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Does a Dryer Kill Germs?

Does a Dryer Kill Germs?

Dryer heat is not sufficient to kill all laundry germs.


Dryer heat is not enough to kill all germs.

More Info: In an interesting study presented at the American Society of Microbiologists meeting, Dr. Charles Gerba from the University of Arizona tested washing machines and dryers to answer this very question.  What he found was that washing in warm water did not kill many of the germs present prior to washing. In fact, it left germs behind in the washing machine even after the wash was transferred to the dryer.  Though the dryer did manage to kill some of the germs, it was not effective in killing the vast majority.

How to Kill Germs in the Laundry

It is possible to kill germs in the laundry. First, washing clothes in a hot water cycle may kill certain species of bacteria that are simply unable to survive at high temperatures. Chlorine bleach containing at least 5.25% sodium hypochlorite will effectively kill most germs in the washing machine in hot water.  Though the exact properties are not wholly known, vinegar does have antimicrobial properties. One cup of vinegar added to the laundry can break down soapy residue and uric acid, dissolve the alkalies and soaps in detergents for a cleaner rinse, remove wine and deodorant stains, and keep colors from fading.

How to Prevent Germs in the Laundry

The first step to preventing germs in the laundry is to presoak any clothes that are soiled with bodily fluids, such as blood or urine. During the presoaking process, use the cold or warm water cycle, as hot water can cause the stains to set in fabrics. When washing the laundry, put the water cycle on the hottest setting. Wash underwear, towels and other linens with a bleach product to prevent the spread of germs. Thoroughly dry the laundry in a dryer using the highest heat setting to rid the items of any possible remaining germs. To prevent germs from multiplying overnight, never leave wet laundry in the washing machine.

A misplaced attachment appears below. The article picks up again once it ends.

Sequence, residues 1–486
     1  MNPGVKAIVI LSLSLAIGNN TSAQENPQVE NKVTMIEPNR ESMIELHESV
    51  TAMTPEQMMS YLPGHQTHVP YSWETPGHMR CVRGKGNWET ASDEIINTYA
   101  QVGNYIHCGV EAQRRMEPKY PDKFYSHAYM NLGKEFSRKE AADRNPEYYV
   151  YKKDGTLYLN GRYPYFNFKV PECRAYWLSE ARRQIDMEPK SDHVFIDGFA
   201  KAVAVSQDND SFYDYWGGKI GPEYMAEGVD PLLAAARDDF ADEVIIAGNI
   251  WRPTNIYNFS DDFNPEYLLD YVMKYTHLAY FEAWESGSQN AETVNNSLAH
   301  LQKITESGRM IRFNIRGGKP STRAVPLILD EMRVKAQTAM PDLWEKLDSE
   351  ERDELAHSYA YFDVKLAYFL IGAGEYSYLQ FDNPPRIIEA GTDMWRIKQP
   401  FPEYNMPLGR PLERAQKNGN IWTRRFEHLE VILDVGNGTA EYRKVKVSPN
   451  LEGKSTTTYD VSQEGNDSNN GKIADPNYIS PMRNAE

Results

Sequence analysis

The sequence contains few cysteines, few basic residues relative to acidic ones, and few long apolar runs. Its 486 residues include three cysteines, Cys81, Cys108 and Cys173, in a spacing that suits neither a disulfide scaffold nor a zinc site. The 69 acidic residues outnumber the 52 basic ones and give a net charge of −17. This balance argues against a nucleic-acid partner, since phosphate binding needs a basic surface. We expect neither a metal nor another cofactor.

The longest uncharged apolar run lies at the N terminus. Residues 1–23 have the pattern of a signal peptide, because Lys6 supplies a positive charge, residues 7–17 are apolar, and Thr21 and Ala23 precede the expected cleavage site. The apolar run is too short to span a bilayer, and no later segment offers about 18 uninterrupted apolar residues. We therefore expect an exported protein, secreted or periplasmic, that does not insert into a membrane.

Expert Opinion

“Laundry is yet another germ fest. Turns out, it doesn’t all come out in the wash. Never one to mince words, Gerba says, “Basically, if you do undergarments in one load and handkerchiefs in the next, you’re blowing your nose in what was in your underwear.” It’s better to make underwear the last load. Use chlorine bleach, which will clean both the clothes and your washing machine.”

UA Professor  Charles P. Gerba     Dr. Germ

“Of the 100-500 grams of feces excreted per day by the average America, it has been estimated that approximately 0.1 gram of residual fecal matter remains on the undergarment of any person. The consumer may believe that normal laundering produces clean clothes; however, this does not necessarily translate to bacteriologically clean due to detergents having a wide range of efficacy in reducing the bacteria contaminated on clothing.”

Dr. Reynolds, University of Arizona Public Health       Dr. Reynold’s Blog



“NMSU: Getting Clothes Clean.” NMSU: College of Agricultural, Consumer and Environmental Sciences. N.p., n.d. Web. 18 July 2011. <>.

“Germs in the Laundry.” Clorox. N.p., n.d. Web. 20 July 2011. <>.

“The Vinegar Institute – Uses & Tips.” The Vinegar Institute. N.p., n.d. Web. 20 July 2011. <


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